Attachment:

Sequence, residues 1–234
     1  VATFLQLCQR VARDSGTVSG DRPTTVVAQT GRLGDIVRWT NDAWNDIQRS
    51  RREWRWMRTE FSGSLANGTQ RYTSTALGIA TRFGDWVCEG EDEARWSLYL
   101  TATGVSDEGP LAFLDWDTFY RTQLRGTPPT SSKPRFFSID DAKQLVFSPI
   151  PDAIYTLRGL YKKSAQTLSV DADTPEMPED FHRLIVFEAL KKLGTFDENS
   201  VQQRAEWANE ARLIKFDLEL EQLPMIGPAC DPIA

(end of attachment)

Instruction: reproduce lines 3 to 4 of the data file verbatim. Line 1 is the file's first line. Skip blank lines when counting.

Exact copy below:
    51  RREWRWMRTE FSGSLANGTQ RYTSTALGIA TRFGDWVCEG EDEARWSLYL
   101  TATGVSDEGP LAFLDWDTFY RTQLRGTPPT SSKPRFFSID DAKQLVFSPI